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Many borrowers use a refinance
to shorten the term of the mortgage.
And brace yourself, even at low rates, a shorter term means a higher monthly
payment. The benefit is that you'll build up equity faster and pay far less
in total interest over the life of the loan.
Consider Jim Neill, 48, a real estate broker and his wife Merrilyn, 55, a psychotherapist.
Recently, the couple took out a 15-year fixed rate loan at 6.75% to replace
an 8.13% ARM with a 30-year
term. Their monthly payment jumped by $200, but now they will own their
own home outright by the time they retire. In addition, the total interest on
the 15-year loan will come to $95,447, vs. $222,234 on the remaining life of
the ARM -- and that assumes their adjustable rate would have held steady at
its current 8.13%. "This is forced savings," says Jim. "When
we retire, we can scale down and take equity out of the house."
If you can't afford the payments on a 15-year mortgage, your next best means
of building equity is to refinance for less than 30 years. To do so, ask your
company to customize your new loan's term to match the years that are left on
your old loan -- if you are five years into a 30-year
mortgage, for example, ask for a 25-year loan.
|Trouble Rises Again With Subprime Mortgage Refinance Loans
According to VIKAS BAJAJ Delinquencies and foreclosures among homeowners with weak credit moved higher in the first quarter, particularly in California, Florida and other formerly hot real estate markets, according to an industry report released on Thursday.
The report, published by the Mortgage Bankers Association, came as the Federal Reserve held a hearing on what regulators could do to address aggressive abusive lending practices. Also Thursday, the latest survey showed that mortgage rates this week reached their highest level in almost a year; the national average for a 30-year mortgage was 6.74 %, up from 6.53% last week, according to Freddie Mac, the mortgage giant. The delinquency report presented a mixed picture. It indicated that more homeowners with tarnished, or subprime, credit are likely to have trouble making house payments, especially as interest rates rise. But it also suggested that, at least so far, the problems have not extended very far into the larger pool of prime borrowers, whose interest rates are lower because of their stronger credit. At the end of March, the percentage of all loans that were delinquent or in foreclosure, 6.12%, was little changed from the end of last year and up from 5.39% from March 2006.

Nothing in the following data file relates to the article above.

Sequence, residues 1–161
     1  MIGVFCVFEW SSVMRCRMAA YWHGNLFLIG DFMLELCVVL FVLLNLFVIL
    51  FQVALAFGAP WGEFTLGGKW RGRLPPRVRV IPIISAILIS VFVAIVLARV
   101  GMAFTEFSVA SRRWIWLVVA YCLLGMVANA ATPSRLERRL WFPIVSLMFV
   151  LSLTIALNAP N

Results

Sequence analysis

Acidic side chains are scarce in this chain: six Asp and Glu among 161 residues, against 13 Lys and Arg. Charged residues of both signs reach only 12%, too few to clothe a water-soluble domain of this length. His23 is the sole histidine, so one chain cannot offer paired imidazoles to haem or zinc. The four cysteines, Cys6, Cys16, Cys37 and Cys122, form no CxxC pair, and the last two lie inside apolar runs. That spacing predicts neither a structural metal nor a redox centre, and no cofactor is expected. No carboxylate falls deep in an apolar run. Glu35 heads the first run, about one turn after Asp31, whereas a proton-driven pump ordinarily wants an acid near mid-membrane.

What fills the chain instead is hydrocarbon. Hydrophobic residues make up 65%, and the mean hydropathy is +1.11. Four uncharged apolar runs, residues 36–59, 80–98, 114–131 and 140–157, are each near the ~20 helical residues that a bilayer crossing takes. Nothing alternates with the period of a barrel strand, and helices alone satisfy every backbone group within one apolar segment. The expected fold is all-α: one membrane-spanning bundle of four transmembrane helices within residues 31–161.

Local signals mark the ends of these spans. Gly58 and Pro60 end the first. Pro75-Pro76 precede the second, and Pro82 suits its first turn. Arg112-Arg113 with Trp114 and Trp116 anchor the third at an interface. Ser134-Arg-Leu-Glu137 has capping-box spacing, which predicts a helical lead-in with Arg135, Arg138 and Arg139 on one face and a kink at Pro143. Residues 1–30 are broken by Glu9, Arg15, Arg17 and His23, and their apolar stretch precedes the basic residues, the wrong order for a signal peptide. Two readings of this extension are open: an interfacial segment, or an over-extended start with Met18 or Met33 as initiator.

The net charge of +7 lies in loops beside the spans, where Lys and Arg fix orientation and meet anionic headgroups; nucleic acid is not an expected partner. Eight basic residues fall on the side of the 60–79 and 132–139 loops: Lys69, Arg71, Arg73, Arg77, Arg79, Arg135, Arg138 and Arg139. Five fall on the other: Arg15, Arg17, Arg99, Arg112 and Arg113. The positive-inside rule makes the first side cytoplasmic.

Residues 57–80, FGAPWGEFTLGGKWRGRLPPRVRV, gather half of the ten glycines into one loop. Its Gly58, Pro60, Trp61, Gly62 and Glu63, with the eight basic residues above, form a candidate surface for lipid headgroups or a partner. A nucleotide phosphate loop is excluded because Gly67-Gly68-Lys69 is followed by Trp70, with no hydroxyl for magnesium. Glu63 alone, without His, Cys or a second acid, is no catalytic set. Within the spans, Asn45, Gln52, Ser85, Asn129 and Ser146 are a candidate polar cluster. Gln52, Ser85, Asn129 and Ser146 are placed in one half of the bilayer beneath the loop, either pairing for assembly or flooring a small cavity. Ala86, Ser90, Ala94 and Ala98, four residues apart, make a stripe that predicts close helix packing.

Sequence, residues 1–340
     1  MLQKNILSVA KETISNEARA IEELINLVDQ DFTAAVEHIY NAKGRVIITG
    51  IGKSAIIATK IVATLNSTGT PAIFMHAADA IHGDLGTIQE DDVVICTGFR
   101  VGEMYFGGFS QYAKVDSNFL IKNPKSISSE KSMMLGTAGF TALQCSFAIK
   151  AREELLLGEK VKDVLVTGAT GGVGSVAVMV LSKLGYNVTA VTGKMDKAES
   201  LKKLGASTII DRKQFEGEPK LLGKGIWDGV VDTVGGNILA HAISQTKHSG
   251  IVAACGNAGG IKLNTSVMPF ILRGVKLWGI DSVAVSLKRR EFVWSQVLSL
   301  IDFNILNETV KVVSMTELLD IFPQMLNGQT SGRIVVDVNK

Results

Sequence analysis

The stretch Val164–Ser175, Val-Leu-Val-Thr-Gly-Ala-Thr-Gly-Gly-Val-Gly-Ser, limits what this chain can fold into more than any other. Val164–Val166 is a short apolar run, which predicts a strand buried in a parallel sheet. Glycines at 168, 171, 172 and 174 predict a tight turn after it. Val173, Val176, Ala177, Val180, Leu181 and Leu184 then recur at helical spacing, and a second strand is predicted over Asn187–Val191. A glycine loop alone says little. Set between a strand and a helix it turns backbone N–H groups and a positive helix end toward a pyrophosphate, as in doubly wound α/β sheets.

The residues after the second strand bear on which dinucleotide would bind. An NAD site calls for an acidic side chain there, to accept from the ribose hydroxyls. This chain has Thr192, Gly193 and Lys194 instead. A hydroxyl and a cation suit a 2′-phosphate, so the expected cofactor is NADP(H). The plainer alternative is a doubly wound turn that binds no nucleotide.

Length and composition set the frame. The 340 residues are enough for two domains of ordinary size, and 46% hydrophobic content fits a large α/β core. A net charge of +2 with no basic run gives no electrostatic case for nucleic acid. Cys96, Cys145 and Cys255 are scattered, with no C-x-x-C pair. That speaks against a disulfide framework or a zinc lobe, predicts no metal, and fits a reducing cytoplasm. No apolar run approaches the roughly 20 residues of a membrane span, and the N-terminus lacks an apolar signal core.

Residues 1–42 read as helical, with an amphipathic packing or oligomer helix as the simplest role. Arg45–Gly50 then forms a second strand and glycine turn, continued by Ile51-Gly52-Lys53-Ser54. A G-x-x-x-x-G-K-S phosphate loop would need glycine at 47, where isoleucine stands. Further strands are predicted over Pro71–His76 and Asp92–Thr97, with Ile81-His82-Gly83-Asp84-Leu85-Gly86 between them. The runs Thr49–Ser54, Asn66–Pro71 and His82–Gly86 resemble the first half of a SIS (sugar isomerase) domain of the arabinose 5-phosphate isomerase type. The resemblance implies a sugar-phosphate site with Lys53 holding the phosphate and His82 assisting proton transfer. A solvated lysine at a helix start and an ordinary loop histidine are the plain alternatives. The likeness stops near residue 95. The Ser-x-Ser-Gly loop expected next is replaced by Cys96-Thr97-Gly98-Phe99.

The national numbers benefited from a decrease in the defaults among loans insured by the Federal Housing Administration.
The agency and the lenders it works with have been restructuring two out of every three loans in foreclosure, said Douglas Duncan, chief economist with the Mortgage Bankers Association.
And it appears similar efforts to renegotiate mortgages to keep borrowers in their homes may also be holding down defaults overall. "We are seeing more loan modifications and foreclosures and once loans go through either of those processes the loans go out of those databases," said Mark Zandi, chief economist at Moody’s Economy.com. For subprime borrowers, the outlook remained bleak. Nearly 19% of all subprime loans, or 1.1 million mortgages, were either delinquent by more than 30 days or in foreclosure, up from 17.9% at at the end of last year. About 140,000 subprime mortgages entered foreclosure, a process that can last several months, in the first three months. About 20,000 of those loan defaults were from borrowers living in California. "The storm of foreclosure is happening silently across the country," said Martin D. Eakes, chief executive of the Center for Community Self-Help, a nonprofit organization based in North Carolina that operates a credit union and the Center for Responsible Lending. Randall S. Kroszner, a governor on the Fed’s board, said the central bank shared responsibility over mortgage lending with other state and federal regulators. "Rising home foreclosures in the subprime market over the past year have led the board to consider whether and how it should use its rulemaking authority to address these concerns," Mr. Kroszner said. "In doing so, however, we must walk a fine line. We must determine how we can help to weed out abuses while also preserving incentives for responsible lenders."
The Fed first heard from a panel of mortgage lenders and non-profit housing groups and in the afternoon from a panel of state regulators, attorneys general and academics. In the morning, representatives from mortgage companies and an association of mortgage brokers parried, mostly in good humor, with people representing nonprofit housing groups that are the leading advocacy voice speaking on behalf of subprime borrowers. The nonprofit housing advocates attacked stated income loans, in which mortgage lenders do not verify that borrowers earn incomes listed on the residential loan application and prepayment penalties, which make it costly to refinance. Mortgage lenders generally argued against new regulations, saying that most of the practices being criticized may have been abused but can be very effective in helping lower-income borrowers if used properly.
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